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Numerical Analysis

Security Tips and Tricks for DeFi Audits


This article is a written breakdown of Kurt Barry’s seminar delivered at Spearbit.

Spearbit is a decentralized and industry-leading blockchain security services firm pairing protocols with top security researchers with deep subject matter expertise to identify vulnerabilities in an ever-evolving landscape.

Kurt Barry is a Spearbit Lead Security Engineer (LSR) and his seminar in video form is available below:

This article is not meant to be a complete replacement of Kurt’s seminar and instead as supplementary material to support deeper understanding. We highly recommend watching the video seminar as well.

In this seminar, Kurt shares his insights on numerical analysis techniques for DeFi audits. The key areas of focus include:

  • Order of magnitude reasoning

  • Overflow checking

  • Worst-case testing

  • Safety in the presence of rounding error

  • SMT solver hacks.

Examples and analysis stem from Spearbit’s audit on Cron Finance’s implementation of TWAMM. A recurring theme throughout this security review was emphasizing gas efficiency, which led to optimizations that required careful numerical analysis due to safe math being used or storage slot packing being implemented.

Cron Finance Security Review

The TWAMM mechanism is similar to Uniswap V2, however, the key difference is that it also supports long-term orders.

https: /

Spearbit performed a security review on Cron Finance’s implementation of TWAMM. Strong emphasis was made on gas efficiency, which led to optimizations that required careful numerical analysis due to SafeMath being used or storage slot packing being implemented.

The security review itself is available below:

https: /

Double Overflow of Scaled Proceeds

When making a long-term order in TWAMM, proceeds (tokens purchased) are accumulated in a standard accumulator-style variable which gets scaled in the denominator divided out by the total amount of tokens being sold.

  • This is similar to other yield protocols such as Yearn where earnings are accumulated and distributed proportionately.

  • In the case below, we are calculating total purchases over all long-term orders which gets scaled in the denominator divided out by the total amount of tokens being sold.

  • To save gas costs further in TWAMM implementation, two scaled proceeds values are packed into a single storage slot using 128-bit integers as you’re essentially performing half as many s-store operations.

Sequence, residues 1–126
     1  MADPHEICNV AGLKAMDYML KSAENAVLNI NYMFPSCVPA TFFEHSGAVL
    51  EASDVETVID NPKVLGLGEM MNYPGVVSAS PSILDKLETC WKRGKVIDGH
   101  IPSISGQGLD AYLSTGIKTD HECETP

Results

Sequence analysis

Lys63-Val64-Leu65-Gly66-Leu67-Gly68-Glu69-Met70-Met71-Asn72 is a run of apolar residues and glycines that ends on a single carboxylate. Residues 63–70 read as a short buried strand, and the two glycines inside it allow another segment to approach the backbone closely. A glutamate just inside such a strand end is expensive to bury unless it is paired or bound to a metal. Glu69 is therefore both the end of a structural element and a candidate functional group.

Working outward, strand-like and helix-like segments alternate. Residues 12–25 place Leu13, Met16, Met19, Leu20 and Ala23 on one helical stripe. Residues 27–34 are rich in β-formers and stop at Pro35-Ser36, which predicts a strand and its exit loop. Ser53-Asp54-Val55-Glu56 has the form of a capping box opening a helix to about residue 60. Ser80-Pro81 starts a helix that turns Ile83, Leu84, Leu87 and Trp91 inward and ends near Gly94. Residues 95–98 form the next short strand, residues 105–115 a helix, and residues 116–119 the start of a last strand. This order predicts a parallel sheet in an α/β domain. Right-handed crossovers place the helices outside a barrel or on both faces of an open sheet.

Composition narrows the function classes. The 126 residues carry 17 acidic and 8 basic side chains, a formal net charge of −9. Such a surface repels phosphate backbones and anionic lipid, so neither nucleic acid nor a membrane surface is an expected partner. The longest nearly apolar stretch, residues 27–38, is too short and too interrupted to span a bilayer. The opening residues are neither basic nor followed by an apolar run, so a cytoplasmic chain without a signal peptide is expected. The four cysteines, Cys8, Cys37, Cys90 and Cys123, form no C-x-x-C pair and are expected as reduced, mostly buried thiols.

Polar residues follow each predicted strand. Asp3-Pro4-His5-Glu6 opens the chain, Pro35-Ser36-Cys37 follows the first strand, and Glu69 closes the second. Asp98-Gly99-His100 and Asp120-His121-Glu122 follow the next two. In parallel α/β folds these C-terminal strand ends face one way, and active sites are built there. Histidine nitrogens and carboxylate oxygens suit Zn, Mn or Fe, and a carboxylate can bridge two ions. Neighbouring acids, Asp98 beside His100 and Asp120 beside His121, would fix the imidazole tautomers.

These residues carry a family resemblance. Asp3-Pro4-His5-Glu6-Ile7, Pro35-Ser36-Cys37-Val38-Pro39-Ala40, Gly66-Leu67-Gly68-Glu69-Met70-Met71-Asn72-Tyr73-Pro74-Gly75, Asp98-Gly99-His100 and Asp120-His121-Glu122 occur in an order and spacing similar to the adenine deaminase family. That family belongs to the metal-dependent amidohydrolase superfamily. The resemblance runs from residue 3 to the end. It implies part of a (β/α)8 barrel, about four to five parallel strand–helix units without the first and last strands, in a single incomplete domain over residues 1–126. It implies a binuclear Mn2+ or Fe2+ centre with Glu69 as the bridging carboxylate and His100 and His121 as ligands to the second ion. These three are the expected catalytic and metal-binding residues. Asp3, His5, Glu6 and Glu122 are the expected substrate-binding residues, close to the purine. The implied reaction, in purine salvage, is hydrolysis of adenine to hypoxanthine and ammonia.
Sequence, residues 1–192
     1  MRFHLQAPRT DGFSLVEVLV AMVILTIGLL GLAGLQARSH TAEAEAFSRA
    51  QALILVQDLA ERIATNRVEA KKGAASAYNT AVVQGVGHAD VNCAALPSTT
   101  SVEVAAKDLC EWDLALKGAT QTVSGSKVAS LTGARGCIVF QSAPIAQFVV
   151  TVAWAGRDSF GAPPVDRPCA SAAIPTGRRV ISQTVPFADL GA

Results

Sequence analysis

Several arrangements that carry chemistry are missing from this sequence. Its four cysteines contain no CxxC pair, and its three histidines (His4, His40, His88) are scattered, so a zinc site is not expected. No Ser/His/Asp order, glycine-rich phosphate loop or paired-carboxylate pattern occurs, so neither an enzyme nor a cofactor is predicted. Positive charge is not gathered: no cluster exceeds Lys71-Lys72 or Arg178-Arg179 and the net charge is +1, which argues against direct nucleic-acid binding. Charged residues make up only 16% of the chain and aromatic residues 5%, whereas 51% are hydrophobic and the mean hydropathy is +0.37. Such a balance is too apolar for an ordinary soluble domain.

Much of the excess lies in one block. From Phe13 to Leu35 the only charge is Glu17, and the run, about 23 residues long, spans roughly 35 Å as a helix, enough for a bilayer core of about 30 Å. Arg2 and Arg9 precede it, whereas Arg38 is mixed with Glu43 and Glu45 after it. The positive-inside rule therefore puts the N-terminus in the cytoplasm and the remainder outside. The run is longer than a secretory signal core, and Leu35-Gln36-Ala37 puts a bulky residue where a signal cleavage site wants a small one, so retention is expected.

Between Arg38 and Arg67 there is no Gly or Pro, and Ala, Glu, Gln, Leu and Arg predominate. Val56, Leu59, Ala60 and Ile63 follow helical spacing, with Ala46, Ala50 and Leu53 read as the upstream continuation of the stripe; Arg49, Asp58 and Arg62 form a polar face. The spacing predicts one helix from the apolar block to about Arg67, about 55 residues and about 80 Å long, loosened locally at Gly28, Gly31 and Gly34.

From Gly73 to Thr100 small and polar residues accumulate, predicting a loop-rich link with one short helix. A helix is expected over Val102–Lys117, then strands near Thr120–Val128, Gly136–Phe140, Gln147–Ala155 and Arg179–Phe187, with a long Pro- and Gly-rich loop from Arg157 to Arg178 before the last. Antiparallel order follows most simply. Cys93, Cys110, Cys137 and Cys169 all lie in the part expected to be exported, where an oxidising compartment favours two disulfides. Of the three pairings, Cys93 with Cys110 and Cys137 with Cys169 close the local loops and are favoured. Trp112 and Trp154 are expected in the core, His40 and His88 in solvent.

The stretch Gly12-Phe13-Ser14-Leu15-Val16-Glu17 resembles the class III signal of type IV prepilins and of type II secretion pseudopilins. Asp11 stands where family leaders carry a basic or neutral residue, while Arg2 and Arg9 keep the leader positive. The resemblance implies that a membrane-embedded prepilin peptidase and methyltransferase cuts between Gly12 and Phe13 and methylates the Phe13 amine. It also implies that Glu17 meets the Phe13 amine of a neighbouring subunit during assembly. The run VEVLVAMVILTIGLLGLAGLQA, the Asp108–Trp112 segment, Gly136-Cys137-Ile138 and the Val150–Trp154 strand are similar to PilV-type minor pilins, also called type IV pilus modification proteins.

• However, this leads to a double overflow as shown below:

One overflow in this scenario is assumed and accounted for from a risk perspective, however, two overflows can result in loss of funds as the differences will be disproportionate and incorrect.

Order-of-Magnitude and Proportionality Analysis

In order to perform this type of analysis, we begin by by estimating orders of magnitude for every relevant term as shown below:

C.B64 (Constant)

  • 2^64, which is roughly 10^19 (operates as the round-off protections scaling factor)


  • The sales rate (Number of tokens being sold per block) multiplied by 10^(Decimals of token being sold) for tokens coming in.


  • Tokens being purchased will depend on price of that token relative to the one being sold. There is also the factor of the order block interval:

    • per block in the denominator

    • per order block interval in the numerator

  • N - Factor for the number of tokens

  • 10^(decimals out) - Factor for decimal values of token out

Checking the Worst-Case First

Always check the most-extreme example in order to test the problem at it’s most extended boundaries in order to understand the end of the spectrum for risk starting from the tail-end.

Let’s take a look at an extreme case:

Price Analysis

Simple and straightforward as both are equivalent to 1 USD so nothing noteworthy here.

Order Block Interval (OBI)

The OBI within the code itself states that it is 64. The interval ratio comes out to about 10^17 which is a bit too close to the scaling factor of 10^19. Thus, we should investigate:

Overflow Analysis

An overflow time calculation shows that we need about 29 order block intervals to overflow. This equates to about six hours, which is below the intended safe length of time for an order (five years).

Other Considerations

Price Differences

Differences in price can prove to be problematic. Above there is an example of a pair (DAI-WBTC) which compounds the risk of overflow due to the stark difference value of price as well as decimals.

Partial Cancellation of Imbalances A ****pair where one asset has very few decimals and the other is far more valuable such as in the below slide (USDC-ETH), can contribute to a partial cancellation of decimal imbalances. It’s important for development teams to review worst case scenarios to prevent overlooking potential issues.

Scaling Factors

Should be dynamic instead of hardcoded and dependent based on the decimals of the relevant token being provided in the denominator.

By doing so, we can avoid excessive rounding errors.

Block Number Subtraction Underflow